Bill 11 in Alberta is now law. The federal government and provincial Premiers are continuing to play dodge the ball with Canadas health care system. The federal government says it wants reforms. The provinces say they want money. Well, Canadians want both. They want a strong public health care system, without for- profit services or user fees. The urgency to continue to fight to save our cherished health care system from further erosion and privatization is no less now than it was in February when we launched our campaign.
We identified two phases for our campaign when CUPE leaders met in January. The first phase would focus on Bill 11 and federal funding, the second phase would deal more broadly with the need to expand and strengthen Medicare.
CUPE members in Alberta and across Canada led a tremendous and valiant effort to stop Bill 11. Our hard work was recognized by politicians, activists, the labour movement and the public across Canada.
In March, we released two legal opinions that showed the dangers of Albertas Bill 11 to Medicare for every single Canadian. The first outlined the broad implications of the Bill under NAFTA. Weak protections for health care in the trade deal means that Bill 11 could open up our health care system to powerful multinationals in every province. The second legal opinion demonstrated that the Bill clearly contravenes the Canadian Health Act. The detailed legal analysis of Bill 11 and the Canada Health Act shows that the Alberta legislation violates or threatens four of the Canada Health Acts five principles for a publicly-funded system.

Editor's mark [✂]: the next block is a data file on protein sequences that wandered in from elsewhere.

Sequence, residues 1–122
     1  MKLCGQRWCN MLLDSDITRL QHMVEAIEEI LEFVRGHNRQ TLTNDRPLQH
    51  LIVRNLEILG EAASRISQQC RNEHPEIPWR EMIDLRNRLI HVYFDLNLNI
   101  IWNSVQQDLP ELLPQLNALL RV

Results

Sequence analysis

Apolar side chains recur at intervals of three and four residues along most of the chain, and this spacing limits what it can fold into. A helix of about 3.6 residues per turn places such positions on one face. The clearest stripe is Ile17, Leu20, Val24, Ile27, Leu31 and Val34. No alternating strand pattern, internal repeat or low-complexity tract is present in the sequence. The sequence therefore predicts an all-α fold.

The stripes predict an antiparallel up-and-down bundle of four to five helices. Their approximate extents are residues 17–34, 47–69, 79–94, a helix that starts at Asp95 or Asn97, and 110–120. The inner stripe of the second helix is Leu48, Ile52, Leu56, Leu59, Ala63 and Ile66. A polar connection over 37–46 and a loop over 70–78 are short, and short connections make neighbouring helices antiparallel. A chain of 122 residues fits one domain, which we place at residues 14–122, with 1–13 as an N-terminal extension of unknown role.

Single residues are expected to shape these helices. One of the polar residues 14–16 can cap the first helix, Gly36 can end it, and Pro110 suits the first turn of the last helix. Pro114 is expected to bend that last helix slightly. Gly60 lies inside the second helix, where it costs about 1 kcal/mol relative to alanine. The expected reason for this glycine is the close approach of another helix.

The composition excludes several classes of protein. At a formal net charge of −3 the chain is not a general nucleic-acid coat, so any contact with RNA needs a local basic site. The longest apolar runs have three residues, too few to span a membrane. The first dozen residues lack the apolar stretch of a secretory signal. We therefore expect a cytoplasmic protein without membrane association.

In Alberta, CUPE along with the Friends of Medicare and many activists staged a number of demonstrations and vigils where attendance broke all records. The activity against Bill 11 is unsurpassed in Alberta. Eight thousand people demonstrated in Edmonton in April and 4,000 in Calgary. Two thousand people demonstrated at the legislature. People who never marched before were marching in cities and towns all across Alberta. Ralph Kleins popularity went from 72% support a year ago, to 66% last fall, to 40% in April.